Seattle City Council
3/21/2011 4:29:00 PM
Nate Van Duzer, Councilmember Burgess’ Office, 206-684-8806
Dana Robinson Slote (206) 615-0061
Council President Richard Conlin
Councilmember Sally Bagshaw
Councilmember Tim Burgess
Councilmember Sally J. Clark
Councilmember Jean Godden
Councilmember Bruce Harrell
Councilmember Nick Licata
Councilmember Mike O’Brien
Councilmember Tom Rasmussen
Seattle City Council takes action on Families and Education Levy
Council committee sets levy for 7 years, $231 million
Seattle – Today Seattle City Councilmembers passed out of committee legislation to place renewal of the Families and Education Levy on the November ballot. After rigorous discussion, the Council unanimously approved the levy at $231 million. The legislation will be considered for final adoption at the Full Council meeting on March 28.
"Today’s unanimous vote sends a strong signal that this Council is committed to Seattle’s most vulnerable children and struggling schools," said Councilmember Tim Burgess, chair of the Council’s Public Safety and Education Committee. "We recognize the City must do more to partner with the School District and prepare all of our children for college and career. The Levy is an effective tool that moves us closer to this goal."
The Levy would fund programs with proven results to help at-risk students and low-performing schools. These programs, directly administered and controlled by the City, supplement the basic academic instruction provided by Seattle Public Schools. The Levy would also provide continued funding for school-based health centers and enhanced early learning opportunities to ensure young children enter kindergarten ready to learn alongside their classmates.
Council President Richard Conlin stated today, "Some people may ask themselves if Seattle can really afford to renew the F&E levy. I ask myself, how can we not? Poverty and unemployment are so much more expensive."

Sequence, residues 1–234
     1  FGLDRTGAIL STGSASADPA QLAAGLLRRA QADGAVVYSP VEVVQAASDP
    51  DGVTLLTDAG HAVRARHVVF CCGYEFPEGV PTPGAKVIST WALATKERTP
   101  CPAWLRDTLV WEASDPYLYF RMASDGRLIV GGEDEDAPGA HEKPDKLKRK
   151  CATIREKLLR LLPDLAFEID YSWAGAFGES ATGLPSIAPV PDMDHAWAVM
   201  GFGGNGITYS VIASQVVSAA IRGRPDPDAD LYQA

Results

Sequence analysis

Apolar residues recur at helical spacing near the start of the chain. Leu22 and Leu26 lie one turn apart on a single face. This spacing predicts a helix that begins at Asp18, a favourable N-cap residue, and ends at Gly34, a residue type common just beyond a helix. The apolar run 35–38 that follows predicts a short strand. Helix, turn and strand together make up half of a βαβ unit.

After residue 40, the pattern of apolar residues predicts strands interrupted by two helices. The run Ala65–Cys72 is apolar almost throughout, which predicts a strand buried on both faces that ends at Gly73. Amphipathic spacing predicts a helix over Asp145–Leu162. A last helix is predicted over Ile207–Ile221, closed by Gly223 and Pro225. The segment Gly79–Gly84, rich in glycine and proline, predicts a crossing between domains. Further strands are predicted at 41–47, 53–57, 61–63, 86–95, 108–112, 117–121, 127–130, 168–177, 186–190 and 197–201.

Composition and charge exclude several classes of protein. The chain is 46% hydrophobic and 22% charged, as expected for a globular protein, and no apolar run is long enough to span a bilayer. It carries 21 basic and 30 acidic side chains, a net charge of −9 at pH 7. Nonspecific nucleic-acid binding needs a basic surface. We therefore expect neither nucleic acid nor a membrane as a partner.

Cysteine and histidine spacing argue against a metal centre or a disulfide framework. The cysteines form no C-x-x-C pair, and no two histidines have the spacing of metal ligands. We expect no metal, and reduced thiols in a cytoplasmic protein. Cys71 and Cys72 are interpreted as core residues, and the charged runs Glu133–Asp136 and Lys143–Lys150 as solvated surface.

"Our kids deserve every opportunity to succeed," stated Councilmember Sally J. Clark. "Every dollar taxpayers invest will be prioritized by the city to ensure the outcomes we want – engaged, academically challenged youth prepped for college and career."
"This investment gives all of our children a chance to succeed," said Councilmember Bruce Harrell. "The programs that will be funded by this levy will help to ensure that all children in Seattle get a chance to be innovators, thinkers, and our future leaders."
The current Families and Education Levy expires at the end of 2011. The legislation, Council Bill 117103, considers a proposal that would collect $231 million in Seattle property taxes over the next seven years, which translates to an approximate cost of $124 to the homeowner of the average assessed residential value of $462,045 in 2012. The Full Council is scheduled to vote on this legislation on March 28.
"The levy is an exceptional chance for our city to make a difference," added Councilmember Mike O’Brien. "The city will use this money to invest in those children who need it the most – and in the most effective and collaborative way possible."
Councilmember Jean Godden said, "While I am sensitive to the additional impact this Levy request puts on Seattle homeowners, I strongly believe that the needs of our children trump my concerns."
"The funding in the levy for student health services will help ensure higher G.P.A.s, increased attendance and graduation for our children in our schools," said Councilmember Tom Rasmussen. "Kids that are healthy learn better."
The Council held a public hearing and convened five special committee meetings to consider the levy legislation.